Unfortunately, I don’t think Facebook will aggressively pursue any of this. Based on past performance, I think Facebook will squander the opportunity of the decade. They’ll muddle along as a popular social network, and let Google, Microsoft and others make off with the future of mobile social networking.

Too bad. Facebook could been a contender.


Nokia Money (Part 1): A new eco-system in making!

Posted in The Technology Ecosystem by Manas Ganguly on September 7, 2009

Nokia is launching a mobile financial service next year targeting consumers, mainly in emerging markets, with a phone but no banking account. Consumers would thus be the Sec D junta, who use the mobile as a means to earn livelihoods but do-not have any social and financial security. There are 4 billion mobile phone users globally but only 1.6 billion bank accounts and 1 billion credit cards. There is pretty significant gap between people, especially in emerging markets, who have a mobile device yet don’t have a bank account. Nokia is truly looking at the C K Prahlad’s “bottom of the pyramid” in trying to put together this service. The strength in numbers/volumes outweighs the margin considerations. Nokia already has a tremendous equity as a device manufacturer in the Sec D segment. Services like Nokia Money and Life tools would make this strengthen this equity even further.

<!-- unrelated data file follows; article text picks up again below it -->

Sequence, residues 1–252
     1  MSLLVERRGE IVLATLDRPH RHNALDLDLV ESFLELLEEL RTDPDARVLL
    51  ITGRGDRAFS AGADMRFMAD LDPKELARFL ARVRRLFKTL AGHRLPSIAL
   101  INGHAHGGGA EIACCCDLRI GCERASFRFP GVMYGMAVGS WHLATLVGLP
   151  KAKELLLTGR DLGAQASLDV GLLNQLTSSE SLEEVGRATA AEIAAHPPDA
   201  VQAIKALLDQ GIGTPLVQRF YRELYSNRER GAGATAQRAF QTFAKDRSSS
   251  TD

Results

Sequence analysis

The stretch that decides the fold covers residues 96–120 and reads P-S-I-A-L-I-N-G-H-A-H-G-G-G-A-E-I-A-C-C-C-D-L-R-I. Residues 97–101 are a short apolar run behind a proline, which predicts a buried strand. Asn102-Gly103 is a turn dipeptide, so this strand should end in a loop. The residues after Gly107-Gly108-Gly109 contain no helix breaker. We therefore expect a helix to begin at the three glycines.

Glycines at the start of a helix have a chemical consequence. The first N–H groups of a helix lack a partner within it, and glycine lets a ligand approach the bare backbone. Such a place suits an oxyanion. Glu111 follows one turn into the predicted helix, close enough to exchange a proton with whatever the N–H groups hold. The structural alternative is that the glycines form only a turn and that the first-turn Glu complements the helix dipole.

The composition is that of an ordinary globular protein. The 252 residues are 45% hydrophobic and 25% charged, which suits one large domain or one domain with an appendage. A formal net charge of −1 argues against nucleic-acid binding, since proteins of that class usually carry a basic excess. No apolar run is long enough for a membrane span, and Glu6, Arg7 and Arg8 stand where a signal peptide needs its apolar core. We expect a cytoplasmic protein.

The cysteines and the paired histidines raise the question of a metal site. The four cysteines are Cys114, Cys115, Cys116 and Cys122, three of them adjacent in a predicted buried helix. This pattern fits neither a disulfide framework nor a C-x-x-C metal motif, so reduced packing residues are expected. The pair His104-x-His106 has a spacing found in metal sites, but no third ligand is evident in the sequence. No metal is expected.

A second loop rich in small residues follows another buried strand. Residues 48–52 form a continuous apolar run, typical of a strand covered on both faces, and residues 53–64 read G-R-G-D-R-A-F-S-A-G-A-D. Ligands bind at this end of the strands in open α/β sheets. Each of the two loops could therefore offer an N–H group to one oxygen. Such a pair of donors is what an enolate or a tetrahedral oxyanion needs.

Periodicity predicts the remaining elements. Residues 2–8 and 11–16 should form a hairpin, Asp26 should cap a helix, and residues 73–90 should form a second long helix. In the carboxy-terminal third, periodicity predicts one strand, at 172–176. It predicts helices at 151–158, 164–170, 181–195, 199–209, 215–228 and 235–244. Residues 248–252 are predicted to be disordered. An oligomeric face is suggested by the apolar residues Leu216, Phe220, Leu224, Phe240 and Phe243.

Nokia Money enables people to carry out daily money management with their mobile devices. The service has been designed to be simple and convenient as making a voice call or sending an SMS. It will enable consumers to send money to another person just by using the person’s mobile phone number, as well as to pay merchants for goods and services, pay their utility bills, or recharge their prepaid SIM cards (SIM top-up). The services can be accessed 24 hours a day from anywhere, meaning savings in travel costs and time. At the touch of a button a customer can manage their personal finances, check a balance, keep track of expenses and payments, pay for products or services, buy tickets for buses, trains and taxis as well as add credit to their mobile account. One can add cash through a Nokia agent. Nokia Money also enables remote workers to safely send money to their families and it can be used to pay off microloans. It provides instant money transfers in time-critical situations and saves travel time as well as reducing the risk of loss or theft.

NOkia Money